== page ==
The Film Academy of Spain has reported that Spanish filmmaker Carlos Saura passed away on Friday from natural causes. He was 91. The organization issued the following statement in response to Carlos Saura’s passing: “The Film Academy deeply regrets to announce his passing, Goya de Honor 2023.
At the age of 91, Saura passed away at home in the company of his loved ones. He was one of the key figures in the development of Spanish cinema.
Born in Huesca, Aragon, in 1932—the same region of Spain where Luis Bunuel, whom he acknowledged as his mentor, was raised—Saura was transported to Madrid by his family during Spain’s Civil War.
His third film, “The Hunt,” a 1965 portrayal of a Franquist ruling class that earned him a Berlin Silver Bear, was inspired by the bombings Saura heard as a child and never recovered from.
This established him as the leading figure of a New Spanish Cinema, an initiative supported by Francisco Franco’s regime’s more liberal wing to produce a new generation of auteurs in the manner of the European Union.
From 1965 through 1974, Saura’s cinema attempted the very unthinkable feat of producing films with the support of a far-right administration that denounced the paradoxes and egregious lack of liberties of the very society that Franco had established, helped along by producer Elas Querejeta.
They won prestigious awards, including the Berlin Silver Bear for “Peppermint Frappé” in 1967 and the Cannes Jury Prize for “La Prima Angelica” in 1974.
In this film, a middle-aged man visits his in-laws in Segovia, where he experienced the War as a child, and his memories flood back, explaining why his emotional development was halted.
Brilliantly filmed—”There is a Spanish cinema before and after ‘La Caza,'” remarked fellow filmmaker Manuel Gutiérrez Aragón—”La Caza” made Saura one of the most well-known representations of Spain’s tenacious anti-Franco opposition in the eyes of the world.
Spain, according to Franco’s obscure dictatorship, was rapidly modernizing and integrating into the thriving market of sophisticated Western capitalism. Saura always argued the opposite.
His first film, “Los Golfos,” which was heavily influenced by Italian neorealism, depicted young, second-generation immigrants laboring as market porters in shacks outside of Madrid with no money and no future unless they became successful bullfighters.
Through symbolism, association, and ellipsis, “La Caza” revealed a Spain that was still under the shadow of the Civil War and ready to erupt into atavistic devastation if necessary. The censor in Spain also took notice. Before its approval, “La Prima Angélica” was seen by six ministers.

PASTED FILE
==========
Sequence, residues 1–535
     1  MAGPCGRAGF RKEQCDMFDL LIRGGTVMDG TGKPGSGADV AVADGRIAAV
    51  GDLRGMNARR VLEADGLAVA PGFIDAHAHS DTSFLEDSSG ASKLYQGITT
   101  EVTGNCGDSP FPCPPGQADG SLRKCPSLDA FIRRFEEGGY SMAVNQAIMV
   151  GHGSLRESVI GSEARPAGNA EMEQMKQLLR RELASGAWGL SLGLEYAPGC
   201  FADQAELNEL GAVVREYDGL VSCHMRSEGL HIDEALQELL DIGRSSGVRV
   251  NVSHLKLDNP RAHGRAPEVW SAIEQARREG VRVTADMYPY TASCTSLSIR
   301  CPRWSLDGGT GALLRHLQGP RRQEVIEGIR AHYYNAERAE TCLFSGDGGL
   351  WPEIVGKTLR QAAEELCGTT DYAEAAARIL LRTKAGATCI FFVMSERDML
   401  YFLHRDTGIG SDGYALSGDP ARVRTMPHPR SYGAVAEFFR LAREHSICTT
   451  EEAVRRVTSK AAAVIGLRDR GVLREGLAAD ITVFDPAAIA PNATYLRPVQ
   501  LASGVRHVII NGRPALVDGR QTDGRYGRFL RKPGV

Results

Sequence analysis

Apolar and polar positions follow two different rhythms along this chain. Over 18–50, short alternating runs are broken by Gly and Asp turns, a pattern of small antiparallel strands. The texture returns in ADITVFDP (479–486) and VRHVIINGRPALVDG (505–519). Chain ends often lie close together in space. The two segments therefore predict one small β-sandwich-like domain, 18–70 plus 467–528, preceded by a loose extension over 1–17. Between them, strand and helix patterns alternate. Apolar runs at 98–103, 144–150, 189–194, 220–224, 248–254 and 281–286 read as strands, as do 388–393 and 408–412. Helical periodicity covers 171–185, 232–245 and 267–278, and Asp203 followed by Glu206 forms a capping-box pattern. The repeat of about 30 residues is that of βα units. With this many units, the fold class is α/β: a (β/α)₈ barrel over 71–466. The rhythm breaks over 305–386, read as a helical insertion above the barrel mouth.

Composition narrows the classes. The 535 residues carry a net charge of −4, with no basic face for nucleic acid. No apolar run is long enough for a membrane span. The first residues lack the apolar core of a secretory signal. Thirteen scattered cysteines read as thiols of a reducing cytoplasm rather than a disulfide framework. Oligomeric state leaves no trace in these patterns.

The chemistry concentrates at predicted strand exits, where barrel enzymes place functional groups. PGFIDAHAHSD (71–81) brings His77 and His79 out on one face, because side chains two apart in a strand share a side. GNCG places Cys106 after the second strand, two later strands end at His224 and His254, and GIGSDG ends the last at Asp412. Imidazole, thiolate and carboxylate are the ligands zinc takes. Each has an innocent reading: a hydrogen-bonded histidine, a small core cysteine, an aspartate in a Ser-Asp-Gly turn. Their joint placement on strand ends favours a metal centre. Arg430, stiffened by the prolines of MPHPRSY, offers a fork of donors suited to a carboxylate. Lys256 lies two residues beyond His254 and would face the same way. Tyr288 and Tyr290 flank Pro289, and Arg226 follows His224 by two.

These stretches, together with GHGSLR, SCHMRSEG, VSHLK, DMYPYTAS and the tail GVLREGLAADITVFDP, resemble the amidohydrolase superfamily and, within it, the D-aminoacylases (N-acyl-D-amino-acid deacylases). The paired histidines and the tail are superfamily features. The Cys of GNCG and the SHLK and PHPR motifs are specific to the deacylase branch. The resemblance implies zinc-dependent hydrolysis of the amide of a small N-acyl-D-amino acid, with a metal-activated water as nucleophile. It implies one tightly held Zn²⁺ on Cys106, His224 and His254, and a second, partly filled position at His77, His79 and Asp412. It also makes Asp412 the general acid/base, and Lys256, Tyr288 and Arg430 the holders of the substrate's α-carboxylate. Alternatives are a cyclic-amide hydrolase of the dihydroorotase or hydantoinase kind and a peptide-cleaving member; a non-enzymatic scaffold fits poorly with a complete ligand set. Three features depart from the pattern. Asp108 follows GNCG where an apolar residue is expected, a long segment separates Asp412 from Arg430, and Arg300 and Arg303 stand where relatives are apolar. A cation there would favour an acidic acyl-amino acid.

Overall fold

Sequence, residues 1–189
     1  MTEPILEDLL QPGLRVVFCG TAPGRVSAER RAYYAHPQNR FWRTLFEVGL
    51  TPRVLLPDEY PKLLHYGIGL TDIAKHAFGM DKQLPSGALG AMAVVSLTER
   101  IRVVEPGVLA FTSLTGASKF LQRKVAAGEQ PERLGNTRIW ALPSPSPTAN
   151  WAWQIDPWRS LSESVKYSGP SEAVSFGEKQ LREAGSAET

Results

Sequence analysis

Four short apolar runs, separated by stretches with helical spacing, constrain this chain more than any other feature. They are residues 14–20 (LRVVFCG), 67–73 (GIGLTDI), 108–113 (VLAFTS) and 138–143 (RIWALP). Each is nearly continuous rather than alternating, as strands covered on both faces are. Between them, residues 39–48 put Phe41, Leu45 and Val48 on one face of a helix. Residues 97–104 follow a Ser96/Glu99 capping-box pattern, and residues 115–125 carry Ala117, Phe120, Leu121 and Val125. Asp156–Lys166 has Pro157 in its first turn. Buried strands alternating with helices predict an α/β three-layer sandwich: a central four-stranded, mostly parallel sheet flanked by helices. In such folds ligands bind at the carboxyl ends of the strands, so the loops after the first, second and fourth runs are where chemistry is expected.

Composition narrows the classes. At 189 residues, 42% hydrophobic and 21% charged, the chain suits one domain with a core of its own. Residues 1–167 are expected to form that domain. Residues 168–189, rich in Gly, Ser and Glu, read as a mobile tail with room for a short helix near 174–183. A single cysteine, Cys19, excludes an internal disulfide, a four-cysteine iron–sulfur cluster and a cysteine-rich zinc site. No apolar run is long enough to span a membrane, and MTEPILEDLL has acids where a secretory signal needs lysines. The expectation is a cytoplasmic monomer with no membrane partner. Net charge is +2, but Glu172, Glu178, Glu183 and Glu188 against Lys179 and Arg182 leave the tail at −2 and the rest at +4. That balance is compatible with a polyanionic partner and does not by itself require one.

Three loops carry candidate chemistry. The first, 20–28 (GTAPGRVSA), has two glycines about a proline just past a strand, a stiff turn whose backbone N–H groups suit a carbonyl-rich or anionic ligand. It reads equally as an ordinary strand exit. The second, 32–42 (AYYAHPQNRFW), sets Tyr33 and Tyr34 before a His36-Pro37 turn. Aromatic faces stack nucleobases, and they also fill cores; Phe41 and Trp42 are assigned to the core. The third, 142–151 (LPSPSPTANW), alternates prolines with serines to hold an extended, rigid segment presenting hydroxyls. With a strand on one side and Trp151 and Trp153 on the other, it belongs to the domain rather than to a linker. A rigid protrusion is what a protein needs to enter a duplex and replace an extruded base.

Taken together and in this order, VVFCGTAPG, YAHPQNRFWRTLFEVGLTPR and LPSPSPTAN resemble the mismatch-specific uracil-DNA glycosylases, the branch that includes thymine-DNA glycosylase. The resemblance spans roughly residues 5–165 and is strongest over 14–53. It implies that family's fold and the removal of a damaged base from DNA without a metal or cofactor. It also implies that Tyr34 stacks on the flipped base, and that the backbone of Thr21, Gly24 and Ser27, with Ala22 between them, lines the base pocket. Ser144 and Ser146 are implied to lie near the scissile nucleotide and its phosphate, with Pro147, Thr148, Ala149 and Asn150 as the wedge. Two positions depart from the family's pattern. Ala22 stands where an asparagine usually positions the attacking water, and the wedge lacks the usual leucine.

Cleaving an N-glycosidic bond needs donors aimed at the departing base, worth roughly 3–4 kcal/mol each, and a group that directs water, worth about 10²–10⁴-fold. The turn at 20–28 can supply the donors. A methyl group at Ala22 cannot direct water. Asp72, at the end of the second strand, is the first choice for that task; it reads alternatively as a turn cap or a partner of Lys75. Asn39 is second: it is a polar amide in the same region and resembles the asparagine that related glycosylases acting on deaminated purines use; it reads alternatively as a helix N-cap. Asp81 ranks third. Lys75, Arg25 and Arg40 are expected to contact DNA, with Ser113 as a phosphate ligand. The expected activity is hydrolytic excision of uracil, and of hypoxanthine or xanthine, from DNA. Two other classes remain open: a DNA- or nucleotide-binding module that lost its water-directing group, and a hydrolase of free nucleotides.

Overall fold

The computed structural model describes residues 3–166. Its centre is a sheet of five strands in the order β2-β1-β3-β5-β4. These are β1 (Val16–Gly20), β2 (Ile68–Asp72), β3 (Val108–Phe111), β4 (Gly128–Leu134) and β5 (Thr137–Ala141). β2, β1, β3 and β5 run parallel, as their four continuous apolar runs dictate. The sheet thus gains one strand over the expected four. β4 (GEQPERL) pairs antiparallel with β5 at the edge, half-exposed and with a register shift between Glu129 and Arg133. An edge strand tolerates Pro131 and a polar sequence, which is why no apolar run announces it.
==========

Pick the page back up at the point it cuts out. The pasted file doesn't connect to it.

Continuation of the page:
Saura was revered everywhere he went outside of Spain, a mantle he carried lightly and dispelled with a big sense of humor that wasn’t always there in his films. With Geraldine Chaplin as his then-co-star, Saura completed “Raise Ravens” in 1976 after being freed from Franco’s censorship.
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This film, which examines the struggles of women in a macho world via the distorted image of a little daughter, is often regarded as Saura’s finest. Few Spanish films manage to delicately convey the heady combination of memory, daydreaming, and delusion that young minds produce before becoming captives of fate.
“Deprisa Deprisa,” a departure and one of his best movies, sympathetically depicts the frequently brief lives of four Madrid miscreants who commit robberies, sniff heroin, and hotwire automobiles.
Saura used it to illustrate how democracy had fallen short of improving the situation of Spain’s lower classes It was his final openly political film. Saura’s first source of income came from photographing dance events in Spain in the 1950s.
His early dance trilogy, “Bodas de Sangre,” “Carmen,” and “El Amor Brujo” (1980, 1983, 1985), combined the emphasis on the spectacle of Hollywood classics with the European auteurist tradition of the full-on and playful subjectivity of an auteur, stood out by carving out a new place for musicals.
The King of All the World, which premiered in 2021, and “Tango,” both dance documentaries, which at their best encapsulate most of Saura’s range of accomplishments as a cineaste: The natural kinetic energy of his camerawork; the flamboyant primal colors of his dance films; the portrait of women who, 45 years after “Raise Ravens,” are still suffering at the hands of men; and a sense of the enormous weight of the past on any present are all examples of the shocking impact of violence.
In addition to his seven children, which include producers Carlos, Antonio, and Anna Saura, Carlos Saura is also survived by his four career-defining partners: journalist and documentarian Adela Medrano, actress Geraldine Chaplin, Mercedes Pérez, and performer Eulalia Ramón. Latido Films’ sales department is led by Antonio Saura.